Means are provided for agitating and passing the processing solution adjacent the surface of the film while in reel 50 in each of the tanks 30,32,34,36,38,40. For the sake of clarity, only the agitation means provided in tank 30 will be discussed, it being understood that similar means may be provided in each of the other tanks. In particular, there is provided a motor 60 having a propeller 62 for providing agitation and causing the processing solution 54 to pass through openings 61 (see FIG. 4) in the side walls 53,55 of reel 50 such that the processing solution 54 is continuously allowed to flow past the emulsion placed on the filmstrip 26. The cover 28 mates with the upper end of the tank so as to provide a substantially sealed processing tank such that when the motor 60 is activated, the processing solution will be maintained within the processing tank. A shroud 64 is provided around the periphery of propeller 62 so as to direct the processing solution to reel 50. In the embodiment illustrated, a baffle 58 is provided for minimizing surface turbulence. The motor 60 is activated at appropriate times by conventional control means, for example, a CPU (a computer, not shown, which has been pre-programmed), and which is appropriately connected to the motor control (also not shown) as is conventionally known in the art. The CPU is also used to run and control the general operation of the apparatus 10 as is customarily done in the art.
During normal operation of the apparatus the reel is moved from the position illustrated in FIG. 3 and placed into the developing solution as illustrated in FIGS. 2 and 4. As can be seen, the spiral wrap of the film in reel 50 results in the surface 59 of the film to be positioned in a plane which is substantially parallel to the direction of movement of the processing solution and substantially parallel to the surface 59 of the processing solution 54. Positioning of the reel 50 in this manner allows air bubbles 63 to become trapped as illustrated in FIG. 4. In the prior art operation of the apparatus, the motor 60 is not activated until the reel 50 is fully seated in the immersed position as illustrated in FIG. 2. However, Applicants have found that this results in spots being formed on the emulsion side of the film, which later results in poor quality of the developed film and resulting prints made therefrom. This is avoided by minimizing and/or preventing the maintenance of these trapped air bubbles 63 for any significant period of time on the emulsion side of the film. This is accomplished by turning on the motor 60 at a relatively low rpm, for example, approximately 600 rpm, before the reel 50 containing the film is lowered into the developing tank 30 as illustrated in FIG. 3. As the reel 50 is being immersed into the processing solution 54, the motor is moving the processing solution against the reel 50. When the film reel 50 is fully immersed in the tank and at its seated position, as illustrated in FIGS. 2 and 4, the speed of propeller 62 is increased to its normal rpm (generally about 1250 rpm). This sequence results in driving off trapped air bubbles immediately off the film as it is lowered into the processing tank, thus minimizing or eliminating the presence of trapped air on the emulsion side of the film.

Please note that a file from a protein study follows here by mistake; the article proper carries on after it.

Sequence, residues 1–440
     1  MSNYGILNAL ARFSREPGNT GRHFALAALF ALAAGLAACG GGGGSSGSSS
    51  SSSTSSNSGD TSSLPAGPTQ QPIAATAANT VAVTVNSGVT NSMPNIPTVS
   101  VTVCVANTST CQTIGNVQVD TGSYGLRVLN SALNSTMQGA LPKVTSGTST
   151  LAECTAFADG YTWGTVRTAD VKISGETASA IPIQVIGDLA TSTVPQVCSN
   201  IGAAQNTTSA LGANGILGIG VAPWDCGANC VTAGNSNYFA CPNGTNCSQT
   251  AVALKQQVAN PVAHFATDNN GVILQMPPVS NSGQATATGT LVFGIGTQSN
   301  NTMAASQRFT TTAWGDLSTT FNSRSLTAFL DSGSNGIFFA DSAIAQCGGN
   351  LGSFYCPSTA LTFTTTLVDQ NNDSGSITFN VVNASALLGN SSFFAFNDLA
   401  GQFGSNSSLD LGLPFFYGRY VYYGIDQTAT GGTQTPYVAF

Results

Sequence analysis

While in the preferred embodiment illustrated the film being processed is still attached to the film cartridge, the present invention is not limited such as is applicable to any film reel containing film being disposed into a processing tank as described above.
Another method of preventing spotting which results in uneven development of the film comprises turning the propeller 62 on high speed before the spiral reel 50 is lowered into the developing tank. Preferably when this type method is implemented, the tank height should be sufficiently high above the level of the processing solution therein so as to prevent fluid from overflowing resulting from the high agitation. This type system is not as useful in situations where the film is still attached to the film cartridge due to the film trailer length, i.e., the maximum distance between the reel and the film cartridge.
It is to be understood that various other changes and modifications may be made without departing from the scope of the present invention, the present invention being limited by the following claims.
10 . . . apparatus
12 . . . load/unload station
14 . . . film processing section
16 . . . drying section
18 . . . housing
20 . . . holding mechanism
22 . . . nest
24 . . . film cartridge
26 . . . filmstrip
28 . . . tank cover
30 . . . development tank
32 . . . bleach tank
34 . . . first wash tank
36 . . . fix tank
38 . . . second wash tank
40 . . . stabilizer tank
42 . . . transport mechanism
44 . . . base
46 . . . mounting block
48 . . . lift member
50 . . . reel
51 . . . arrows
52 . . . support arm
53,55 . . . side walls
54 . . . fluid
58 . . . baffle
59 . . . surface
60 . . . motor
61 . . . openings
62 . . . propeller
63 . . . air bubbles
64 . . . shroud